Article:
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Relationship Of Two Field-Dependent - Independent Measures To Reading And Math Achievement Of Anglo-American, First-Generation Chinese- And Mexican-American Elementary School Children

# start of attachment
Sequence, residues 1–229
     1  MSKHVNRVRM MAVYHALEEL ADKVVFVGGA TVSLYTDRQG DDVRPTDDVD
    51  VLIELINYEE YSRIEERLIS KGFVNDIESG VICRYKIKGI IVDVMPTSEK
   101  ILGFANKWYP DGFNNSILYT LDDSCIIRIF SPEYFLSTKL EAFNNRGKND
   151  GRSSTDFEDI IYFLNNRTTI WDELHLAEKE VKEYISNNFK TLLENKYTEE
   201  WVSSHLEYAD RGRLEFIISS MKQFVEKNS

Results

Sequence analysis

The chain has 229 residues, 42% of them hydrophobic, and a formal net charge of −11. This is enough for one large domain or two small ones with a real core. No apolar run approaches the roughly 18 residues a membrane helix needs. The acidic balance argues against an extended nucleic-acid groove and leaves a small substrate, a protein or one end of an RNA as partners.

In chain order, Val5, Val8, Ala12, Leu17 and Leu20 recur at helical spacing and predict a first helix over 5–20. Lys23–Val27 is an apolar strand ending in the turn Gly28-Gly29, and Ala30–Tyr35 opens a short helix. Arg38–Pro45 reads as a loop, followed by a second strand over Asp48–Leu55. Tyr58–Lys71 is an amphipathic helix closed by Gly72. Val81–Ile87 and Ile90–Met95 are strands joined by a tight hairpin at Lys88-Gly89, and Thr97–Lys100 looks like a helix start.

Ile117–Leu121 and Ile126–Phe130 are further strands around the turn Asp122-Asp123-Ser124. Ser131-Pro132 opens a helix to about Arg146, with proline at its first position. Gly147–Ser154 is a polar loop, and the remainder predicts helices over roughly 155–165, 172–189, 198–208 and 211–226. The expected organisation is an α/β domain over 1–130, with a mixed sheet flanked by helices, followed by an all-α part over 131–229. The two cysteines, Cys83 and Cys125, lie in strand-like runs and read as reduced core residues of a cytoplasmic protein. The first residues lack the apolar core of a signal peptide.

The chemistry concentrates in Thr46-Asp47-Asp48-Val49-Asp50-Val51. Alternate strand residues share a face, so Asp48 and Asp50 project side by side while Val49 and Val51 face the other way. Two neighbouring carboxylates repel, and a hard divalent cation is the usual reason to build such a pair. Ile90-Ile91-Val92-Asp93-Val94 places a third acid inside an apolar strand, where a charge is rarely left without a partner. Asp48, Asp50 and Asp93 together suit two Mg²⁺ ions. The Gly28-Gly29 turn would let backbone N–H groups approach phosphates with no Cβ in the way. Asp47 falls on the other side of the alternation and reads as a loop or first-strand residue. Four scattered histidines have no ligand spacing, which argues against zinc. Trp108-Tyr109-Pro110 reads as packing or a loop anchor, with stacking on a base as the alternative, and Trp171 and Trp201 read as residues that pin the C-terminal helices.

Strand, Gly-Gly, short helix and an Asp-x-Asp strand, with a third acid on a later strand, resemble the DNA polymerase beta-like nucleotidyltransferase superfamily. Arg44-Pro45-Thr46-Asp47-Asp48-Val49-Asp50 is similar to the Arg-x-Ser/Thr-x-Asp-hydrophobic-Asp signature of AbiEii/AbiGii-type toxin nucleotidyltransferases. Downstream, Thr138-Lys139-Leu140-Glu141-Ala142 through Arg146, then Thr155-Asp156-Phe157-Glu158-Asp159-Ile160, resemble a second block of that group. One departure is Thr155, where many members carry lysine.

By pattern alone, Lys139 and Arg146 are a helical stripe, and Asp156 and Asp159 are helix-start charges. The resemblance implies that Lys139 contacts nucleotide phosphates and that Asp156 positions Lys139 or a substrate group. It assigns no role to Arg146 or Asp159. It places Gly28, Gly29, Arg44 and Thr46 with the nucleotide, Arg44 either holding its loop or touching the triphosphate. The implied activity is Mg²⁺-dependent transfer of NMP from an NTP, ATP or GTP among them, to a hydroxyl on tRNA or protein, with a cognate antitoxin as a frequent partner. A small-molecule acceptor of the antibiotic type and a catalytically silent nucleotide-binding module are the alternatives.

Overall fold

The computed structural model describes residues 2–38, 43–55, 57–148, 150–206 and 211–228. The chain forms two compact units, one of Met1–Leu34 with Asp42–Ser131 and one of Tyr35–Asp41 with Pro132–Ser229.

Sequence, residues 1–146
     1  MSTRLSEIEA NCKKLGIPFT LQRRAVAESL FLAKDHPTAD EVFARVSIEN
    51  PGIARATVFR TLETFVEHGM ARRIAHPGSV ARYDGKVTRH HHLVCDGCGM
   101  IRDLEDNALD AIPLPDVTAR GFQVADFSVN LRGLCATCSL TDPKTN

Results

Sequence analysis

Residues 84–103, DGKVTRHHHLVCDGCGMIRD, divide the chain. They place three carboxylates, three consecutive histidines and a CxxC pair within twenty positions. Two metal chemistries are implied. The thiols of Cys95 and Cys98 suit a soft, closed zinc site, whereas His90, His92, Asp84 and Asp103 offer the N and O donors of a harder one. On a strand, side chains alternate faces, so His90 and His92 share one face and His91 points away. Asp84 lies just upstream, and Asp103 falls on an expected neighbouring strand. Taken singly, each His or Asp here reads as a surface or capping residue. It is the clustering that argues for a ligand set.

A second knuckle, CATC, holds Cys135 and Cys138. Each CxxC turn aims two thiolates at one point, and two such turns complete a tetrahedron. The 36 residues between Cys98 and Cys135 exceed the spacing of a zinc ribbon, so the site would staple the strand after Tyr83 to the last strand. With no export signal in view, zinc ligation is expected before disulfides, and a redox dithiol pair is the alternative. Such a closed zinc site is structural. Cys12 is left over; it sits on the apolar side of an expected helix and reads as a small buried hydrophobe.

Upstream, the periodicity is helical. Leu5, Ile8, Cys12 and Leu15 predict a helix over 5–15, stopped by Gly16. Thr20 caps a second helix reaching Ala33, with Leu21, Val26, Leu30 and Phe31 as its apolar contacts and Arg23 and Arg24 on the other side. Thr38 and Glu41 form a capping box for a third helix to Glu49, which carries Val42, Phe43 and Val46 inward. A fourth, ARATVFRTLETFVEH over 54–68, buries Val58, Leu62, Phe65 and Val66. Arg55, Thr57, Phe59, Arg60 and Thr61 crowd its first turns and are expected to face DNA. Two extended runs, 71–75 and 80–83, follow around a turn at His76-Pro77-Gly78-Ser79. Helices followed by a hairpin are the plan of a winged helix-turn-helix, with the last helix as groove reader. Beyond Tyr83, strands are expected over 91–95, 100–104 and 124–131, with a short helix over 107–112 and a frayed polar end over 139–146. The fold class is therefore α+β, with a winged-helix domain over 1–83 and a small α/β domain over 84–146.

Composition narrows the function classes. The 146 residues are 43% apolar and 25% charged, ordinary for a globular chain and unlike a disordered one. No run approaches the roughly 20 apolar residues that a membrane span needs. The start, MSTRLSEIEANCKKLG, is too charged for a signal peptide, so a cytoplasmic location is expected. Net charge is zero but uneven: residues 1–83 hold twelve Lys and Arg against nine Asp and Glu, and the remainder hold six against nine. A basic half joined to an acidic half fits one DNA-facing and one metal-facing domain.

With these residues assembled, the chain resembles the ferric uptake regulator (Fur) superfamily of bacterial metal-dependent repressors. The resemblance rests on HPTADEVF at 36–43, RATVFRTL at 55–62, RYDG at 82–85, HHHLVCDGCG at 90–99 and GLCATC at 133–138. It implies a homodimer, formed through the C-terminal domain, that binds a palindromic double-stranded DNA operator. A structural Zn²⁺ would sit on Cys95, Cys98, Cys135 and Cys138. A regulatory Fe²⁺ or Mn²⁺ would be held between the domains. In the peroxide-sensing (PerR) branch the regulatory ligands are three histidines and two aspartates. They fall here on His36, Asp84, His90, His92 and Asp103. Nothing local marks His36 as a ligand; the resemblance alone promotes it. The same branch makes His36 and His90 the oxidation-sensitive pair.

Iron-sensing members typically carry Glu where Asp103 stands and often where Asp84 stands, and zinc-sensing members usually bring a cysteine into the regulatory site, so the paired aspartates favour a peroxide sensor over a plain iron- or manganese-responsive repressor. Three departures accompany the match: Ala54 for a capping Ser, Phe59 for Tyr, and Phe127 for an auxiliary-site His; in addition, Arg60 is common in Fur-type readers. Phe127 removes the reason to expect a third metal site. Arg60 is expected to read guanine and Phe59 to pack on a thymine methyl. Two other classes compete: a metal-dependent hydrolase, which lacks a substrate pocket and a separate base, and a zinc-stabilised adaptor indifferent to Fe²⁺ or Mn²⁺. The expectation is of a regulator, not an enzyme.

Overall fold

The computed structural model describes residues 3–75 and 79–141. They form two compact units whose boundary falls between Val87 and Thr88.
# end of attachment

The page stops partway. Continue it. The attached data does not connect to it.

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The Field-Dependence-Independence (FDI) cognitive style refers to the relative ability of an individual to perceive elements as discrete from an overall organization. It is most commonly measured by the Portable-Rod-and-Frame Test (PRFT) and the children's Embedded Figure Test (CEFT). This study was concerned with the relationship of PRFT and CEFT to the reading, language, and math achievement scores of Anglo-American, first-generation Chinese- and Mexican-American elementary school children. This study also compared PRFT and CEFT scores among the three ethnic groups and between the boys and girls. The sample for the study consisted of 90 fourth- and fifth-graders with equal numbers in each ethnic group. Equal numbers of boys and girls were included within each ethnic group. A bilingual female Chinese-American tested each child individually on PRFT and CEFT. The total reading, total language, and total math scores of the Comprehensive Test of Basic Skills (CTBS) on the sample children were obtained from school district records. It was found that CEFT significantly predicted language and math achievement scores for the sample children. PRFT had significant relationships with reading and math achievement scores for only the Chinese group. Anglo children and Chinese boys scored in a significantly more field-independent direction on PRFT when compared with Chinese and Mexican girls. Boys and girls of all three ethnic groups scored about the same on CEFT. It was concluded that: (1) What is measured by PRFT is not the same as that which is measured by CEFT. (2) There is a moderate relationship between math/reading/language achievement scores and FDI measures. (3) An individual's performance on PRFT is influenced by his/her cultural background and upbringing.

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